Australia PM Abbott 'to consult more' after Philip knighthood
Australian Prime Minister Tony Abbott has said he will consult more widely before announcing knights and dames, after criticism of his knighthood for Prince Philip, the Duke of Edinburgh.
Commentators say Mr Abbott's choice was out of step with public attitudes and raised doubts about his judgement.
Mr Abbott re-introduced knighthood and damehood honours last year, nearly 20 years after they had been discontinued.
Australia, a parliamentary democracy, has Britain's monarch as head of state.
The prime minister's decision to grant a knighthood to the Prince - announced on Australia Day on Monday - has been described by the press as a "captain's call", which failed to take into account the opinion of party colleagues.
The leader of the opposition Labor party, Bill Shorten, said the decision to honour a British royal was "anachronistic". He has called for Australians to rally behind declaring their country a republic.
Australia's honours system
- Australia began awarding its own honours in 1975 - the awards eventually replaced the existing British honours system.
- Anyone can nominate an Australian citizen for an award for service, excellence or achievement.
- The awarding of knighthoods and damehoods was discontinued in 1976 but brought back very briefly in 1986 - Tony Abbott reinstated them in 2014.
- Only Queen Elizabeth II can appoint Australian knights and dames, on the recommendation of the prime minister.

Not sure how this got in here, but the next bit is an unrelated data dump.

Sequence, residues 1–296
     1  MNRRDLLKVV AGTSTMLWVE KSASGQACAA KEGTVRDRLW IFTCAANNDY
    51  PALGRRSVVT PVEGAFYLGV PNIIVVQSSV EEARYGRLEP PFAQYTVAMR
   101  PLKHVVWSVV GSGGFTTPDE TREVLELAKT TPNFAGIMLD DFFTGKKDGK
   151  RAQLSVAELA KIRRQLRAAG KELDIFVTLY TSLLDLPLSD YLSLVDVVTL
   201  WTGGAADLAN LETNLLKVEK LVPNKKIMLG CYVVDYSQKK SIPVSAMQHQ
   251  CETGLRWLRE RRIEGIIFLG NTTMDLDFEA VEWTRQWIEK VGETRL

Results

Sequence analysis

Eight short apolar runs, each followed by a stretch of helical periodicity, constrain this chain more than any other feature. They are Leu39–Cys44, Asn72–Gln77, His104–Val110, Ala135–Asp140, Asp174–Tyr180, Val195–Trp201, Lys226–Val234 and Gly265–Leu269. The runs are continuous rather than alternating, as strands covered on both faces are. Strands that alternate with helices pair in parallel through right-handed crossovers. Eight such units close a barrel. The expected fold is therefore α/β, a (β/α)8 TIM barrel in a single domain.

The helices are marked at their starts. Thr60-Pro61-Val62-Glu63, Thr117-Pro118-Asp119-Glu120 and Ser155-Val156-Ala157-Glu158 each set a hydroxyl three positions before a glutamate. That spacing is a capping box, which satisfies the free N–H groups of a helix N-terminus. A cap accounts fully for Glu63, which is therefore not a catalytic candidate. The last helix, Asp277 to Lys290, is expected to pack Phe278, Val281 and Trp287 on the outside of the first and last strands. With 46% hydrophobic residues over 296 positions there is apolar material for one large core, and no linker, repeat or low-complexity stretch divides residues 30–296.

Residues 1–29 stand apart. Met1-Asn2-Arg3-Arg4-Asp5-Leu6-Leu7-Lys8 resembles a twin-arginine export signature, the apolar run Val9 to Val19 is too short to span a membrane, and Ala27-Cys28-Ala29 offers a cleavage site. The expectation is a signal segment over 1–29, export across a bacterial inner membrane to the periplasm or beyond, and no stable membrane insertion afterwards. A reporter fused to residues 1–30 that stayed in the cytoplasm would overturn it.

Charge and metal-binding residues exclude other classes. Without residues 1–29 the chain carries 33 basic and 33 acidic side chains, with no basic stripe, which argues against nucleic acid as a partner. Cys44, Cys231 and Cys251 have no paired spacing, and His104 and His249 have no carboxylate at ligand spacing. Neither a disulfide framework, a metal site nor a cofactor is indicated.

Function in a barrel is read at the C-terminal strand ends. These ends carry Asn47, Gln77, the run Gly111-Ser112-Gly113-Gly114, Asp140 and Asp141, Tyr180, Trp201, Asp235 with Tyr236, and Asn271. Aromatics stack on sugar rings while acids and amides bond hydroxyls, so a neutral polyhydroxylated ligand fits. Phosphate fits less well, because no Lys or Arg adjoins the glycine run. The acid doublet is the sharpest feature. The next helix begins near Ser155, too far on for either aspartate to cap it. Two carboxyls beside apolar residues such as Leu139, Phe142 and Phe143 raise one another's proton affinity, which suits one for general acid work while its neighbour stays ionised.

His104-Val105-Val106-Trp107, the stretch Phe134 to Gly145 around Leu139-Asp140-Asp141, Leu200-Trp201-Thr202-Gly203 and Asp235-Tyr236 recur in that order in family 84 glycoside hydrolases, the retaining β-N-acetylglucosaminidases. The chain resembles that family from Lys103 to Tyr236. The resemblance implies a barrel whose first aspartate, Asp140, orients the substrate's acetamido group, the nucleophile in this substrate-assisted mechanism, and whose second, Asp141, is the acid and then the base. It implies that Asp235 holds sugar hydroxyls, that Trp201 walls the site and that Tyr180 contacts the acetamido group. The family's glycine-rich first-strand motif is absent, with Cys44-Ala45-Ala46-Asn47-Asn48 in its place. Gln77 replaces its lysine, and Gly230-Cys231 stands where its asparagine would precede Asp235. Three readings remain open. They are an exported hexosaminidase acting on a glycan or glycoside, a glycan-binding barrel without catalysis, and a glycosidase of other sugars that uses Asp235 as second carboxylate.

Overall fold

- Republicans say the honours system is an outdated remnant of colonialism.
At a conference on Wednesday, Mr Abbott defended his choice but also said he had listened to the criticism.
"I understand why some people don't like it," he said. "I take it on the chin but I want to assure people that I have heard and there will be more consultation around these awards in the future."
Mr Abbott had praised the Prince's work as a campaigner, highlighting the achievements in Australia of his youth charity, the Duke of Edinburgh Award.
Many politicians - including some from Mr Abbott's party - said they were bewildered by the award.
Queensland Premier and Mr Abbott's conservative colleague, Campbell Newman, has described the knighthood as a "bolt from the blue".
Mr Newman goes to the polls on Saturday for the state's general election. Mr Abbott's widespread unpopularity is considered to be a drawback for the campaign.
The prime minister, who has not appeared in Queensland during the campaign, did not answer a journalist's question about whether he owed Mr Newman an apology, saying only that his federal government had done much that had benefitted Queenslanders.